Haim - Nottingham Rock City - Gigs - Reviews - Soundblab

Haim - Nottingham Rock City

by Lawrence Poole Rating:7 Release Date:2012-07-08

The next time the well-worn tour bus of willowy Californian sisters Haim prepares to pull into town, expect it to be preceded by a flurry of visits to the local supermarket to snap up flour, eggs and an array of tasty toppings. This is because the three-piece lay down a cooking gauntlet for the good people of Nottingham, after sharing their mock disappointment at not being presented with a succession of pancakes on its national day.

Haim mirror the qualities of a good, old-fashioned English pancake – sweet, textured, flavoursome if, at times, a little flat. Este, Sari and Alana have enjoyed swimming around the national consciousness ever since they charmed the festival revellers in matching Ray Bans at a sun-soaked Glastonbury last year.

Now backed by a clutch of singles so catchy they could keep NHS Direct in business, Haim are understandably enjoying their spell in the limelight. Fresh from a rip-roaring set at the 6Music Festival in Manchester, the San Fernando Valley threesome kick-start their UK tour in the East Midlands in similarly aggressive fashion with gutsy renditions of debut LP tracks 'Falling' and 'If I Could Change Your Mind'.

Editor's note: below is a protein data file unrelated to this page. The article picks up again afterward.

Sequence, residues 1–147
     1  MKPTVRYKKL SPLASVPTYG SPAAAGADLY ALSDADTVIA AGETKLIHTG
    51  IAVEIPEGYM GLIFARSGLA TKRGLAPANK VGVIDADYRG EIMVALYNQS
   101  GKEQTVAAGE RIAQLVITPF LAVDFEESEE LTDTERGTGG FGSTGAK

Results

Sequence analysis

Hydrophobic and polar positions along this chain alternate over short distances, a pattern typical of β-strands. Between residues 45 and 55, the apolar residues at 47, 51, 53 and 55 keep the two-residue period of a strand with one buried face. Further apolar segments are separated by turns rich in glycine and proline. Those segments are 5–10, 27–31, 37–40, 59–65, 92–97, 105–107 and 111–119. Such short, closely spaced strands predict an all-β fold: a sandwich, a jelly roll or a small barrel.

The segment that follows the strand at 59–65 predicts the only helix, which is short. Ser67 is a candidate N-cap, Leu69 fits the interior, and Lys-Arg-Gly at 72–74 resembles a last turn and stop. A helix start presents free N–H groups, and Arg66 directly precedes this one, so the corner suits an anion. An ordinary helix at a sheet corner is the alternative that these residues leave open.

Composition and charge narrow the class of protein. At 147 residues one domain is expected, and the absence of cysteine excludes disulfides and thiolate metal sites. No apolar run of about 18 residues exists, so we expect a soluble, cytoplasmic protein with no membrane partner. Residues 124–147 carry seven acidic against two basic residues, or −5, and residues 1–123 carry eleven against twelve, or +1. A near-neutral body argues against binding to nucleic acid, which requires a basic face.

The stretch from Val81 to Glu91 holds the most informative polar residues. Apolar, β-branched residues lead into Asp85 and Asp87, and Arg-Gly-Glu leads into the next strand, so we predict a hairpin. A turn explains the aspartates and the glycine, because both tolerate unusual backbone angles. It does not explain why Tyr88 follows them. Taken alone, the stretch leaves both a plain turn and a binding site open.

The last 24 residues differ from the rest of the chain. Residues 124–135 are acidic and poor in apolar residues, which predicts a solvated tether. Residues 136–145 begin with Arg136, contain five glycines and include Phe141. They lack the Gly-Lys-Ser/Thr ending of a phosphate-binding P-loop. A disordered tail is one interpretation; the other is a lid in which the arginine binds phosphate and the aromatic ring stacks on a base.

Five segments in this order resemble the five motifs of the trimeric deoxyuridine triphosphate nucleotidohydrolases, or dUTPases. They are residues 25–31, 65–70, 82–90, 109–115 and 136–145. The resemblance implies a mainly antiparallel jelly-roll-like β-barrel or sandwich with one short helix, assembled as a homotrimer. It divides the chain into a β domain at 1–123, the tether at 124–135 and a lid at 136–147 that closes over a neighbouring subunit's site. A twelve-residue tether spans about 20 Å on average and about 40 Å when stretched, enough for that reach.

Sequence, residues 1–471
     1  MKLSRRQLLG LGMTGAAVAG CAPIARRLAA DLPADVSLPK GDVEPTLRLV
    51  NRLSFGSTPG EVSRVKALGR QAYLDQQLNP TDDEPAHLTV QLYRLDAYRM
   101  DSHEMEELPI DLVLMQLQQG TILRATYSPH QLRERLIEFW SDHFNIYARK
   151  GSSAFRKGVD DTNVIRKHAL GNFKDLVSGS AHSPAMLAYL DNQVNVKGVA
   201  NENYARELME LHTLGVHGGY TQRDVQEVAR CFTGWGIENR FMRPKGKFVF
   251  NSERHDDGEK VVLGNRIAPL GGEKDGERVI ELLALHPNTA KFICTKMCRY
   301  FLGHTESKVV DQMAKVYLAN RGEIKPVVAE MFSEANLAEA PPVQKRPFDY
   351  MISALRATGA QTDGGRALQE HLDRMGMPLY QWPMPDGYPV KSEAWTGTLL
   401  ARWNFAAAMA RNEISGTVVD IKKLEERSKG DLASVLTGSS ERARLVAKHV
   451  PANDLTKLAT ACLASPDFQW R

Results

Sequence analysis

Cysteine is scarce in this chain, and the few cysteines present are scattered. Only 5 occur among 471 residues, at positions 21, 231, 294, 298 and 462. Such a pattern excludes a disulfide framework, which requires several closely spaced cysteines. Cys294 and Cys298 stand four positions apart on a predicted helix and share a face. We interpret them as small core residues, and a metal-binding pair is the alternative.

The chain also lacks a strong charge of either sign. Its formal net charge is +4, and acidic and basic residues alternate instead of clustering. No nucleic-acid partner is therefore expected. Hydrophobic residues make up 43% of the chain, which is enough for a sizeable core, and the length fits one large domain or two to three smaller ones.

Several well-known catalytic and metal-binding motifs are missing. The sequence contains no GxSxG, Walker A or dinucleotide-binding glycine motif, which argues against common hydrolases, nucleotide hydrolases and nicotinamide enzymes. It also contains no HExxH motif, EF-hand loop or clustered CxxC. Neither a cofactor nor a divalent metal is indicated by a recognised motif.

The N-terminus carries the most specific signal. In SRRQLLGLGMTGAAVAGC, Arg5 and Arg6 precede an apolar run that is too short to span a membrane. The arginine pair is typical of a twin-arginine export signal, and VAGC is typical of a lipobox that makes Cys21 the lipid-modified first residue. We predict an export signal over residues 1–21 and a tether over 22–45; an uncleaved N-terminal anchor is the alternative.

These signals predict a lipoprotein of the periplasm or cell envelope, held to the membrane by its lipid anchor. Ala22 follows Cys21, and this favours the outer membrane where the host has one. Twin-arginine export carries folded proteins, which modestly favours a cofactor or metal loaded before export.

With so many understandable (if lazy) comparisons with ‘70s radio colossuses Fleetwood Mac, straying into cover territory of said behemoths could have been a tad risky – wisely though, the trio delv into the early stages of the Mac’s back catalogue, unleashing a searing rendition of Peter Green-era 'Oh Well', which sees Este clambering on to a speaker-stack to showcase her bass histrionics. Sadly, after that a mid-set lull follows, with large swathes of a sold-out audience becoming a little disinterested.

Thankfully, it doesn’t last long, and the irrepressible 'Don’t Save Me' and sparkling 'Forever' swoop in to save the day. Add a sterling cover of Beyonce’s 'XO', and it means the evening ends on a jubilant high.

With stagecraft, patter and virtuoso musicianship (all three play multiple instruments and possess powerhouse vocals) also in their armoury, it’s easy to see why Haim have such mass appeal. A second album to beef up their thin-ish setlist will surely only take them to even greater heights. Now, where did I put that pancake recipe?

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